Author(s): Michael Silbermann
Publisher: Springer International Publishing;Springer, Year: 2021
The new global cancer data suggests that the global burden has risen to 18.1 million new cases per year and 9.6 million cancer deaths per year. A number of factors appear to be driving this increase, in particular, a growing and aging global population and an increase of exposure to cancer risk factors linked to social and economic development. For rapidly-growing economies, the data suggests a shift from poverty- or infection-related cancers to those associated with lifestyles more typical in industrialized countries. There is still large geographical diversity in cancer occurrence and variations in the magnitude and profile of the disease between and within world regions. There are specific types of cancer that dominate globally: lung, female breast and colorectal cancer, and the regional variations in common cancer types signal the extent to which societal, economic and lifestyle changes interplay to deferentially impact on the profile of this most complex group of diseases.
Unfortunately, despite advances in cancer care, a significant proportion of patients at home, experience sub-optimal outcomes. Barriers to successful treatment outcomes include, but are not limited to: access to oncologists in the primary health centers, non-adherence, lack of experienced oncology and palliative care nurses in the community, inadequate monitoring and the lack of training of family and pediatric physicians. Telemedicine approaches, including telephone triage/education, telemonitoring, teleconsultation and status tracking through mobile applications, have shown promise in further improving outcomes, in particular for chronic cancer patients following their hospitalization.
Lessons can be learned from existing hospices in North America, the United Kingdom, Australia, Centers of Excellence in African (Uganda) and modern community services in India (Kerala). An important goal of this book is to describe and encourage professionals to develop new community programs in palliative care, which include training and empowering physicians and nurses in the community on the principles of palliative care. The Middle East Cancer Consortium (MECC) together with the American Society of Clinical Oncology (ASCO) and the American Oncology Nursing Society (ONS) have conducted multiple courses ranging from basic palliative care to more specialized training in palliative care for multiple nationalities in Europe, Asia and Africa. Our experience clearly indicates that, to promote such activities, one needs strong leadership and confirmed political will to support the endeavor. The new book will emphasize the importance of having a core of multiple stakeholders including community leaders, government, NGOs and media to be actively involved in advocating for the cause and generating public awareness.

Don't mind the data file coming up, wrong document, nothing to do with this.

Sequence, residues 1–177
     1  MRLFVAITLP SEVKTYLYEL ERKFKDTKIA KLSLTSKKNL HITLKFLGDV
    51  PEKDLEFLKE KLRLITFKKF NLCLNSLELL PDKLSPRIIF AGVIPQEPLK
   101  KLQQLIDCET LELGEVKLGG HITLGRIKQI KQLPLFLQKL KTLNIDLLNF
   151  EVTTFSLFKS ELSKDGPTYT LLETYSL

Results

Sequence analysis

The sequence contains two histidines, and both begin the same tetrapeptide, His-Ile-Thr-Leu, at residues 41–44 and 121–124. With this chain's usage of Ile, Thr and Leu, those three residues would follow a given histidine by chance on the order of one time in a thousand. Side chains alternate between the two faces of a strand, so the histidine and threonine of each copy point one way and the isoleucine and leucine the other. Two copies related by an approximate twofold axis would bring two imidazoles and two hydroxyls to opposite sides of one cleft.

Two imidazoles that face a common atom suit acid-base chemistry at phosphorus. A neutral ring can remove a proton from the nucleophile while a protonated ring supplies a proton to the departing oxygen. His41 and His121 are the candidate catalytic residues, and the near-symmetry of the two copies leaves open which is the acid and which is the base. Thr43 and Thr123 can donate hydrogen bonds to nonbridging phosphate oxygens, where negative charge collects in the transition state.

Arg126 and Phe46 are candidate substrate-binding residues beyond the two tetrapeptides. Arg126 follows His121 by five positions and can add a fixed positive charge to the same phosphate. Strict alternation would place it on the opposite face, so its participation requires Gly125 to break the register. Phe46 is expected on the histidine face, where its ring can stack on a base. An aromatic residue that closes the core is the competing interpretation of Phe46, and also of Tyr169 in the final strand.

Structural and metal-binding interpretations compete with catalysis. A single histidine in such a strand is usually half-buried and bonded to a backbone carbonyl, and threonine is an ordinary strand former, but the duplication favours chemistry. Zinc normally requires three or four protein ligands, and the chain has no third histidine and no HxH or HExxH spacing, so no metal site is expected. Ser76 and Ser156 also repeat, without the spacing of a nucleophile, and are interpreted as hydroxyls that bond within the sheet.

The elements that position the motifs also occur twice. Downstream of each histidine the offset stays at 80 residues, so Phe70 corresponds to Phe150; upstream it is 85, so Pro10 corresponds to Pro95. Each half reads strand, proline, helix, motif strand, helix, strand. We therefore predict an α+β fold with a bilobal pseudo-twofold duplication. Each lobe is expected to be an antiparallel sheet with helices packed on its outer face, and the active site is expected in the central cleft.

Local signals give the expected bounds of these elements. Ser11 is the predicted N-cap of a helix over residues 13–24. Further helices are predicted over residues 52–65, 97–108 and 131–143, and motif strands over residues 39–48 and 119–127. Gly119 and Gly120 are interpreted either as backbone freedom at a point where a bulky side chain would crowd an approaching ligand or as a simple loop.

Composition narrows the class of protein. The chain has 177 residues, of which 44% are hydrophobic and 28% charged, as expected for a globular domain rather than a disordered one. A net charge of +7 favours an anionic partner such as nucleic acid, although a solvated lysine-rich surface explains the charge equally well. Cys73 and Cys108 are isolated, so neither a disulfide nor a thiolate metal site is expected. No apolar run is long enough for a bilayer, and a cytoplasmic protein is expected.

This text will provide the reader with a comprehensive understanding of the outside-of-the-hospital treatment of cancer patients by medical, paramedical and volunteer personnel. In doing so, this text will encourage the creation of new palliative care services improving upon the existing ones and stimulate further research in this field.
Part 1 of the text will begin with an overview of the current state of affairs of services provided to cancer patients while being cared for by primary health centers. It will also review the current literature regarding medical and psychological-based therapy options in the community for cancer patients at different stages of their disease. Part 2 will address the unique role of the community nurse, within the framework of the multidisciplinary team treating the patient, in the attempt to provide optimal evaluation and care in very challenging situations (such as with terminal patients). Part 3 will provide insightful models of this new discipline and serve as a valuable resource for physicians, nurses, social workers and others involved in the care of cancer patients. The book will take a multidisciplinary approach, integrating clinical and environmental data for practical management to enhance the efficacy of treatment while relieving suffering. Part 4 will also discuss the application of modern technological approaches to track symptoms, quality of life, diet, mobility, duration of sleep and medication use (including pain killers) in chronic cancer patients in the community. Part 5 of the book will also be devoted to modes of developing a collaborative program between governmental and non-governmental organization sectors. This includes volunteer workers in close collaboration with medical professionals for providing emotional and spiritual support, nursing care, nutritional support and empowering family caregivers. Such a model makes palliative care in the community a “people’s movement”, thus transferring part of the responsibility and ownership to the community.